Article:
Rahil Mir and Alok Jaiswal Admitted to Selling Controlled Substances from India into the United States
Abingdon, VIRGINIA – A pair of men from India, who made cold calls to the United States for the purpose of selling versions of pharmaceutical drugs illegal in the United States, including controlled substances, were sentenced yesterday in the United States District Court in Abingdon to federal conspiracy charges, Acting United States Attorney Rick A. Mountcastle announced.
Alok Kailashnath Jaiswal, 32, of Azangarh, India, and Rahil Parvez Mir, 25, of Mumbai, India, previously waived their right to be indicted and pleaded guilty to one count of conspiracy to commit offenses against the United States: Specifically, to illegally distribute controlled substances, to fraudulently and knowingly import into the United States any merchandise contrary to law, and to introduce into interstate commerce a drug that was misbranded, with the intent to defraud and mislead.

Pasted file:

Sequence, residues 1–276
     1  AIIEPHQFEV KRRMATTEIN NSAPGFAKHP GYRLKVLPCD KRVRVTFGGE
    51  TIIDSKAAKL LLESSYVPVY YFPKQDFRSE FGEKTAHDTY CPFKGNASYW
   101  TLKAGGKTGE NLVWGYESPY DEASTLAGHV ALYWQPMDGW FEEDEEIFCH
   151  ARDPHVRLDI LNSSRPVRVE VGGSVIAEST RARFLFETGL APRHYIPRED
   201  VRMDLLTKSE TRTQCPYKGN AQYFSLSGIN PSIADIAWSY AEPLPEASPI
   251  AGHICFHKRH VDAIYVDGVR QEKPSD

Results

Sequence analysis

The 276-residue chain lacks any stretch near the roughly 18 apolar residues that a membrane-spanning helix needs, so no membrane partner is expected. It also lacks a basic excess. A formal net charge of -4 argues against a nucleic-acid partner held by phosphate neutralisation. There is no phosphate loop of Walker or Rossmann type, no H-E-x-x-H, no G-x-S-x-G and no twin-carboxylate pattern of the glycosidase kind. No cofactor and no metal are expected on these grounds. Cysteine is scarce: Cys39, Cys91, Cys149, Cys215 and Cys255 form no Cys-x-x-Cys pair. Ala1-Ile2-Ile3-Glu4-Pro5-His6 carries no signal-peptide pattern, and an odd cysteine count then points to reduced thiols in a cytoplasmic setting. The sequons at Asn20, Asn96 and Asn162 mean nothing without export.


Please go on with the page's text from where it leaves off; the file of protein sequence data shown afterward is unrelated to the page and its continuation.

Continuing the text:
Yesterday in Federal Court, Jaiswal and Mir were sentenced to time served and were ordered to be deported. The court also imposed a $30,000 forfeiture which was paid by the defendants.
Jaiswal and Mir made cold calls from India to individuals in the United States to solicit orders for versions of pharmaceutical drugs, including controlled substances, which were not approved for sale in the United States. The defendants then obtained payment, typically via wire transfer, from the United States purchasers and illegally shipped the drugs to recipients in the United States.
A law enforcement officer, working in an undercover capacity in the Western District of Virginia, made several purchases from Jaiswal and Mir. The substances shipped included acetaminophen with codeine (Schedule III), lorazepam (Schedule IV), human growth hormone, sildenafil and tadalafil.
The investigation of the case was conducted by the U.S. Food and Drug Administration – Office of Criminal Investigations with the assistance of the Drug Enforcement Administration’s Drug Diversion Office in New Delhi, India. Assistant United States Attorney Randy Ramseyer prosecuted the case for the United States.